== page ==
Demonstrators shout slogans against the governments Citizenship Amendment Bill (CAB), in Guwahati on December 11, 2019. - Authorities in India's northeast called in troops on December 11 as demonstrators went on the rampage in protest at new citizenship legislation expected to pass the upper house, officials said.
Demonstrators shout slogans against the governments Citizenship Amendment Bill (CAB), in Guwahati on December 11, 2019. - Authorities in India's northeast called in troops on December 11 as demonstrators went on the rampage in protest at new citizenship legislation expected to pass the upper house, officials said.
(Photo by Biju BORO / AFP)

New Delhi: The Citizenship (Amendment) Bill cleared the Rajya Sabha hump on Wednesday, with 125 voting for it and 105 against, two days after it cruised through the lower house.

Tabled by Union Home Minister Amit Shah, the Bill was slammed by rights groups as well as opposition parties on the ground that it has an inherent bias against Muslim migrants and violates the mandate of equality contained in Article 14 of the Constitution.

The legislation is now likely face a legal challenge in the Supreme Court on the ground of being "unconstitutional".

‘‘A landmark day for India and our ethos of compassion and brotherhood! This bill will alleviate the suffering of many who faced persecution for years," PM Modi tweeted soon after the Bill was passed.

Interestingly, after blowing hot and cold, the Uddhav Thackeray-led Shiv Sena walked out of the House ahead of voting on the Bill, thereby assisting the BJP in fending off the challenge in the Upper House. Sena justified its stand by couching it in the "larger interests of the country".

Home Minister Amit Shah refuted the charge of anti-Muslim bias, pointing out that even Muslims from the three neighbouring countries had been given citizenship in the past five years by the Modi government and their number should be more than 500.

Shah said there are lakhs and crores of persecuted persons but they won't admit they are illegal refugees, but once the law is enacted, it will give them the confidence to admit to the injustice done to them in their original countries and seek citizenship.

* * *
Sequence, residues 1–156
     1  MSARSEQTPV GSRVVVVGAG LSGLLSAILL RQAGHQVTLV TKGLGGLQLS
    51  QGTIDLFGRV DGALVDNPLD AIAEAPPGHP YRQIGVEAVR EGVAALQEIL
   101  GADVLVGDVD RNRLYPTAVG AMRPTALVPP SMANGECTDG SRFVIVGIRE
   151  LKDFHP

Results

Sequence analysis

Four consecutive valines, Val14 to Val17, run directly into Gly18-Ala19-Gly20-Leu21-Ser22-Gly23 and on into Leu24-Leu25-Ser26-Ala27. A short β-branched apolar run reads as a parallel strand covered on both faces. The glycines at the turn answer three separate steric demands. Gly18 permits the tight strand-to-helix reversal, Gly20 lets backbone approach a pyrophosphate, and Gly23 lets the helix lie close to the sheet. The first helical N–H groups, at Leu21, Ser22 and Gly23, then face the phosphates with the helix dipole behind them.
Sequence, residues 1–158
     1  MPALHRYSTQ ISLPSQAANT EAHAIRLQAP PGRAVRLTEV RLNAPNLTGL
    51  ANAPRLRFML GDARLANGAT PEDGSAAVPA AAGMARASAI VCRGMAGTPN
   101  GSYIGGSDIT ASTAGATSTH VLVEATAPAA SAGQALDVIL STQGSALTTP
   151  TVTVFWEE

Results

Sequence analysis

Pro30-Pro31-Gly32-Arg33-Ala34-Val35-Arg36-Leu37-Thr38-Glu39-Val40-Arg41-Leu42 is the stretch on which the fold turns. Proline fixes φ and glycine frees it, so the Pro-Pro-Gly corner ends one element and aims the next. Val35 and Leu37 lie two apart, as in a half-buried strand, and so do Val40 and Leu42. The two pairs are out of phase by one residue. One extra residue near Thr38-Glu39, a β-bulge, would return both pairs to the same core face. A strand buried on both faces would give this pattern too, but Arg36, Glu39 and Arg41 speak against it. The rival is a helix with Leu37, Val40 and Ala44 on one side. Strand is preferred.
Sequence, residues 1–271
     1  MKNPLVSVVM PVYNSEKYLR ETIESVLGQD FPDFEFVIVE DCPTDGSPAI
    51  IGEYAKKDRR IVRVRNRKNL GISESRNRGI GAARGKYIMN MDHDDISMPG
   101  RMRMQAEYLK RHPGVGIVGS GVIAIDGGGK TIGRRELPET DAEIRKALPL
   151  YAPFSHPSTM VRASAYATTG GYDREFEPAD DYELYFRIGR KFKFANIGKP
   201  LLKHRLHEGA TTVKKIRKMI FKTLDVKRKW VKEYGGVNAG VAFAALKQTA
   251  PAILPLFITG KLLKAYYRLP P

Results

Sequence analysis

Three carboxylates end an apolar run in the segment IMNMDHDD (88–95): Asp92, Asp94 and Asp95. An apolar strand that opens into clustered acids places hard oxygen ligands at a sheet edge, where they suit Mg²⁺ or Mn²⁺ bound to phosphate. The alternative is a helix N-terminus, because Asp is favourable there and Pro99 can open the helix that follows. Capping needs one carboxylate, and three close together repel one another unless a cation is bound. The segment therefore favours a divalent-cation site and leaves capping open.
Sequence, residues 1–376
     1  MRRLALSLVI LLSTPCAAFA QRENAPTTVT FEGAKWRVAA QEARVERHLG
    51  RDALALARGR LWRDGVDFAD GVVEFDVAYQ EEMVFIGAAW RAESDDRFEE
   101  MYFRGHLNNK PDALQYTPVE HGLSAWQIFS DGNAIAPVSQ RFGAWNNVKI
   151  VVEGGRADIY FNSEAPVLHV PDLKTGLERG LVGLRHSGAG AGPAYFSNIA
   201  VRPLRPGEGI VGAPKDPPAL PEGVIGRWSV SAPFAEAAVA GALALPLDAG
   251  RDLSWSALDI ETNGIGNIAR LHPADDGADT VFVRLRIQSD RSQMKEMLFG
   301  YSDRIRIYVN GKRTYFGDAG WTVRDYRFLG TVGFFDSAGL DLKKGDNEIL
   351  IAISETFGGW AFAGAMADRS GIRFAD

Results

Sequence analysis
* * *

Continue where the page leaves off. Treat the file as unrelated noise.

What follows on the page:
He said India has been giving citizenship to different populations from different countries and as such he was not doing something for the first time.

The Bill seeks to recognise those who are living in India as refugees after leaving Pakistan, Bangladesh and Afghanistan following persecution.Shah reiterated that the Bill had to be brought because the country's partition had created adverse repercussions.

He refuted the Opposition's charge that the BJP was bringing the Bill for advancing its political agenda, pointing out that there are no elections for four-and-a-half years; he also insisted that India's partition was on the basis of religion, forcing the enactment of a Bill to protect those persecuted by the neighbouring Islamic countries.

The Opposition led by the Congress fought tooth and nail as the debate on the Citizenship Bill raged for over seven hours, even as an adamant Government rejected their demand to send the proposed legislation to a House committee.

Senior Congress leader P Chidambaram questioned why only religious persecution was taken as a ground for granting refugees the status of citizens.

This is an unreasonable classification since there can be many reasons, including political persecution. He said the Bill would not stand the legal test in the Supreme Court.

Accusing the government of pushing its Hindutva agenda, Chidambaram dared the government to invite the Attorney General to the House to answer the Opposition's pointed questions.

Taking off on his previous day's remark that MPs are abdicating their responsibility to let the judiciary be the final arbiter, Chidambaram said: "We are elected representatives.

We are supposed to look at the constitutionality of the law. But what are we doing in this House? We are abdicating our primary responsibilities. We will be throwing this law into the laps of judges who are not elected.

"Law Minister Prasad asserted that the Bill was vetted by the law ministry and as such the opposition members were questioning its legal sanctity without any rhyme or reason.

Opposition leader Ghulam Nabi Azad nailed the Home Minister's repeated lie that the Bill will benefit lakhs and crores of persecuted persons, pointing out that the official figures show that no more than 4,000 people have applied for citizenship. He challenged Shah to give details of these refugees living in each state.

He asked why the persecuted minority of Burma was left out, nor did the government see the persecution going on in Afghanistan. Azad also pointed out that Assam is burning because of the Bill, so much so that trains have been cancelled, the Army has been deployed and Guwahati has been put under curfew.

(For all the latest News, Mumbai, Entertainment, Cricket, Business and Featured News updates, visit Free Press Journal. Also, follow us on Twitter and Instagram and do like our Facebook page for continuous updates on the go)

Free Press Journal

www.freepressjournal.in